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Title: Corticofugal modulation of acoustically induced fos expression in the rat auditory pathway
Authors: Sun, X
Xia, Q
Chan, YS
He, JF
Keywords: Activity marker
Cochlear nucleus
Inferior colliculus
Medial geniculate body
Superior olive
Issue Date: 2007
Publisher: John Wiley & Sons
Source: Journal of comparative neurology, 2007, v. 501 , no. 4, p. 509-525 How to cite?
Journal: Journal of comparative neurology 
Abstract: To investigate the corticofugal modulation of acoustic information ascending through the auditory pathway of the rat, immunohistochemical techniques were used to study the functional expression of Fos protein in neurons. With auditory stimulation at different frequencies, Fos expression in the medial geniculate body (MGB), inferior colliculus (IC), superior olivary complex, and cochlear nucleus was examined, and the extent of Fos expression on the two sides was compared. Strikingly, we found densely Fos-labeled neurons in all divisions of the MGB after both presentation of an auditory stimulus and administration of a γ-aminobutyric acid type A (GABAA) antagonist (bicuculline methobromide; BIM) to the auditory cortex. The location of Fos-labeled neurons in the ventral division (MGv) after acoustic stimulation at different frequencies was in agreement with the known tonotopic organization. That no Fos-labeled neurons were found in the MGv with acoustic stimuli alone suggests that the transmission of ascending thalamocortical information is critically governed by corticofugal modulation. The dorsal (DCIC) and external cortices (ECIC) of the IC ipsilateral to the BIM-injected cortex showed a significantly higher number of Fos-labeled neurons than the contralateral IC. However, no difference in the number of Fos-labeled neurons was found between the central nucleus of the IC on either side, indicating that direct corticofugal modulation occurs only in the ECIC and DCIC. Further investigations are needed to assess the functional implications of the morphological differences observed between the descending corticofugal projections to the thalamus and the IC.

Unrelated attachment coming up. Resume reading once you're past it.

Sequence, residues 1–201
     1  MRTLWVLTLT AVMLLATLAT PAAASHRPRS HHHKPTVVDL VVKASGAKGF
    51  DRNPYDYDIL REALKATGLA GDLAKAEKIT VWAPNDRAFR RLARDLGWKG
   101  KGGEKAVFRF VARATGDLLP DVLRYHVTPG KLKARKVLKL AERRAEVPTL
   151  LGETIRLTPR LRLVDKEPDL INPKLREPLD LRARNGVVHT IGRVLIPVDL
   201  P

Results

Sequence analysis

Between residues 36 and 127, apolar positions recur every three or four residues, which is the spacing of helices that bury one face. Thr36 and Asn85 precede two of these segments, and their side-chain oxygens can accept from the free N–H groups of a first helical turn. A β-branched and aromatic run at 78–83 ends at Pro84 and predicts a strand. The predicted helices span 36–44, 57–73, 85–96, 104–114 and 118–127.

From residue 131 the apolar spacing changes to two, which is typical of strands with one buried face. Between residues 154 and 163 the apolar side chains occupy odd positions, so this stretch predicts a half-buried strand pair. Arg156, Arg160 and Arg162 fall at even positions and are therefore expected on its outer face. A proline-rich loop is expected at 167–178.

ISSN: 0021-9967 (print)
DOI: 10.1002/cne.21249
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